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Why, When & How to Toilet Train a Toddler

by Joan Lowell
Photo by: Pexels

Is toilet training in your near future?

You’ve survived your baby’s infancy. Congratulations! Let’s get onto those exciting toddler years, when kids are so easy to please. (Trust me!). Now let’s talk about toilet training. Spring and summer are a great time to start.

Why? Children all go through phases, but most will not be diapered through their teen years. Luckily, parents can handle most of what kids throw at them. Toilet training can be an ugly conversation. Nobody wants to hear they are doing it wrong. Fortunately, most kids will show readiness, and, yes, that is a great time to start.

When? Sometime after age one and before age two, kids will demonstrate they know they are wet or soiled, either by asking to be changed or by hiding to do the deed. (You’ve seen the two-year-old who hides under the table to poop and then tells his mom he needs a clean diaper.) It is up to parents to recognize the signs and begin the teaching process. If you think you missed some magic window, you didn’t. Just start.

How? Start with a potty chair or a toilet ring in the bathroom. Most kids will follow mom or dad into the bathroom and figure out what happens there. I used to put my kids, clothes on, sitting on their potty chair, around age one. Sometime between 18 and 24 months, start taking the child to the potty at regular times (or times when you predict he or she will wet or soil) like right when he or she wakes up, before or after baths, after meals, before naps or bed, and whenever an hour or two has passed between attempts.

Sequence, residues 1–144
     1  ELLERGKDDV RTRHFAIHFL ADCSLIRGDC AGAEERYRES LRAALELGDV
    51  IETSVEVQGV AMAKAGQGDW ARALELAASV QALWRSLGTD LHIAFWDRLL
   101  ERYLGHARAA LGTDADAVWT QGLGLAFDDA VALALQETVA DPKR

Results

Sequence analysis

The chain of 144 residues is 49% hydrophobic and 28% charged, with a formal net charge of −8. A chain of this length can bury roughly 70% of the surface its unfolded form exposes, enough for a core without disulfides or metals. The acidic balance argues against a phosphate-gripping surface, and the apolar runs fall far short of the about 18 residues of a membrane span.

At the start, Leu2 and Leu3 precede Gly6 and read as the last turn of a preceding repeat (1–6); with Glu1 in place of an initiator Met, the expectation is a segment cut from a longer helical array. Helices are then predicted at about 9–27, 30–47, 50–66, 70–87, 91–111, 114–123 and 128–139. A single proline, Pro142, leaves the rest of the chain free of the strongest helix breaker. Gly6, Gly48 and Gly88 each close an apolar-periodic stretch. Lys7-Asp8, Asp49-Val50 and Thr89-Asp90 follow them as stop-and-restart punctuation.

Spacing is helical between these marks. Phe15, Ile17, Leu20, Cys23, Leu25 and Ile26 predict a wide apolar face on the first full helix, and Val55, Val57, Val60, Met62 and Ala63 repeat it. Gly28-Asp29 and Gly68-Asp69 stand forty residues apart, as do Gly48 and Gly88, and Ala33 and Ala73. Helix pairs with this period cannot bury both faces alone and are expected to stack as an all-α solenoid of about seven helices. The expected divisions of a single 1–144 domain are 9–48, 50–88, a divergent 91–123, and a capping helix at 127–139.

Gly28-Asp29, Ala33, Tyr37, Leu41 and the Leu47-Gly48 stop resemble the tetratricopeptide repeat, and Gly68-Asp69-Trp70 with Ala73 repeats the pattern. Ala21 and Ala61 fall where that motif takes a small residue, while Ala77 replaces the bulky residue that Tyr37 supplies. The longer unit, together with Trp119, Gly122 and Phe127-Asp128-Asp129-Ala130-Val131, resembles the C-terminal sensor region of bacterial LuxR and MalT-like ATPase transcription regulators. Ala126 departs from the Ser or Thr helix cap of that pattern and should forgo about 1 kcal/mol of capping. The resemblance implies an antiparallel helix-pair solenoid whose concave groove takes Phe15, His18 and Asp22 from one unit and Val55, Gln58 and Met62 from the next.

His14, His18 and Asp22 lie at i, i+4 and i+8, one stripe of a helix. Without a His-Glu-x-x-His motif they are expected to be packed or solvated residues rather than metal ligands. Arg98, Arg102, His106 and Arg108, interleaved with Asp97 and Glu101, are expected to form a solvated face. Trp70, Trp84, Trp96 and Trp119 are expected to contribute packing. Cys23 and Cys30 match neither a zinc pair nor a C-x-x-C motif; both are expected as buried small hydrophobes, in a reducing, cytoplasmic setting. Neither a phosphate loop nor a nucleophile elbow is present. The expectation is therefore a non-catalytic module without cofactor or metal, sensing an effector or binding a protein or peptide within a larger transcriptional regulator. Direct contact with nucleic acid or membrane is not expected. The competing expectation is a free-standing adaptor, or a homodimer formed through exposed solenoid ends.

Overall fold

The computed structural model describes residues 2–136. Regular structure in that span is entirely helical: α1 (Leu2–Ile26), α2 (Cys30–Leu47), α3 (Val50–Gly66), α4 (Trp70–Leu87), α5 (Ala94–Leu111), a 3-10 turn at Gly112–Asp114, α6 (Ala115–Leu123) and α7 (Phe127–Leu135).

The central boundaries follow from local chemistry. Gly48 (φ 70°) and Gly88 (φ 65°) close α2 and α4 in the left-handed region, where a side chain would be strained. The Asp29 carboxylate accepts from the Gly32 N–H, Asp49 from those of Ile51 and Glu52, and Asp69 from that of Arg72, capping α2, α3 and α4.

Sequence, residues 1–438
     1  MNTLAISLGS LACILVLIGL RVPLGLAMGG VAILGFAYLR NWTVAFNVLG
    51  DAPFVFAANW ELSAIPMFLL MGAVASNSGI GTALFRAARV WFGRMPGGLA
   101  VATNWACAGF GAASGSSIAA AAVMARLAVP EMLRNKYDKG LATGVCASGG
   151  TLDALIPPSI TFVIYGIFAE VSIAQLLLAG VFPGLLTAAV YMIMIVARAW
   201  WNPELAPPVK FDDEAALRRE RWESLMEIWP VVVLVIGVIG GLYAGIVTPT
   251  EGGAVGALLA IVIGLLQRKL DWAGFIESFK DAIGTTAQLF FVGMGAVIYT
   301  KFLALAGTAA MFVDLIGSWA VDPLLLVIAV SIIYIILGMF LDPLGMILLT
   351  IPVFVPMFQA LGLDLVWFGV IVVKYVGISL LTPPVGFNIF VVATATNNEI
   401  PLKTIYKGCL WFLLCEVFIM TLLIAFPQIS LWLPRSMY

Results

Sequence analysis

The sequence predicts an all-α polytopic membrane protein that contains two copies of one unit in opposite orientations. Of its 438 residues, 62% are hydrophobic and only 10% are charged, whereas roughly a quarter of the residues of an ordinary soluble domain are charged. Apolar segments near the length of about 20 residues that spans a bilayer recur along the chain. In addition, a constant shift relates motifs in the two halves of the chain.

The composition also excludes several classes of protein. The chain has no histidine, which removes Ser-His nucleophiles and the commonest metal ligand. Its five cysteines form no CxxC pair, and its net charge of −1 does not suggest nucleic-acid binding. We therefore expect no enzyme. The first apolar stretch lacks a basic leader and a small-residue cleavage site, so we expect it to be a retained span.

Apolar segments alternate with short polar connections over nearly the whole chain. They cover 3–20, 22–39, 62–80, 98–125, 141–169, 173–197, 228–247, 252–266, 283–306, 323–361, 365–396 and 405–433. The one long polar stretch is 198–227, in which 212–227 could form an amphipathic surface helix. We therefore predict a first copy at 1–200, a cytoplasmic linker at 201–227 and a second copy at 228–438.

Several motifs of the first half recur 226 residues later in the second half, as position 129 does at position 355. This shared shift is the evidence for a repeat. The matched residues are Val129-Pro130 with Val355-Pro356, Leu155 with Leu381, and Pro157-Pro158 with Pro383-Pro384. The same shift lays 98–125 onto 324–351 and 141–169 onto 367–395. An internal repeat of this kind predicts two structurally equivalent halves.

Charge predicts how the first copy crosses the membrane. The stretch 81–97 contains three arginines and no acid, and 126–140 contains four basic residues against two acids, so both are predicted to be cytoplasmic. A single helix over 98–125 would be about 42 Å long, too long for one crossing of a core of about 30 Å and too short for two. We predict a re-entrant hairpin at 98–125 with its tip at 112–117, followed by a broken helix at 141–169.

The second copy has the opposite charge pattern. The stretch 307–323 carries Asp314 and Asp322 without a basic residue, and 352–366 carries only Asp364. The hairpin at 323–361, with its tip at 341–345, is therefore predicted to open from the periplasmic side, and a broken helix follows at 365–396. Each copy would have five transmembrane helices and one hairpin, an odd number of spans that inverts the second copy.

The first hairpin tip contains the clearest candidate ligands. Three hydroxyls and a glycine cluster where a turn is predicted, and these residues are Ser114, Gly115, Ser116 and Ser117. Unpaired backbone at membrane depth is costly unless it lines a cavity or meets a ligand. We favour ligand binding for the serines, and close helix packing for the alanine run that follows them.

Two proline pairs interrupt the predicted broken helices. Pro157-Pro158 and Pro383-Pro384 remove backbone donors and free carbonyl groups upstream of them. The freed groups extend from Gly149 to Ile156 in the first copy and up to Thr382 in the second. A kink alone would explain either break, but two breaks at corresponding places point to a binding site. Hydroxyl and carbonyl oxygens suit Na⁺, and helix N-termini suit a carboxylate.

It is super important to never scold a child for accidents, but to let them know it is okay and they will make it next time. Help the child to manage clothing, especially at first. This is when to start using pull-up style disposable diapers, so kids can feel the up/down like underwear but parents don’t get stuck with dirty underwear every day.

The key to potty-training is consistency. Parents need to give children opportunities to succeed, and reward them for it. Kids get distracted easily, so parents can use a timer to help remind them when an hour or so has passed. It is easy to give up or just say the child is too young or not ready, but keep trying. Kids can be trained by age three, in most cases, with very few accidents.

Wishing you many dry nights and the extinction of your diaper bill!

Mom of six great kids ages 8 to 21 (and now Grama!), trained educator and certified teacher, I earned my BS from RI College and MEd from Providence College. A few of my many hats: wife, mother, educator, Local Area Rep for Go Au Pair in Providence, writer of a local blog for Go Au Pair’s Host Families and Au Pairs. Baking, gardening, reading and relaxing on the porch are favorite hobbies.

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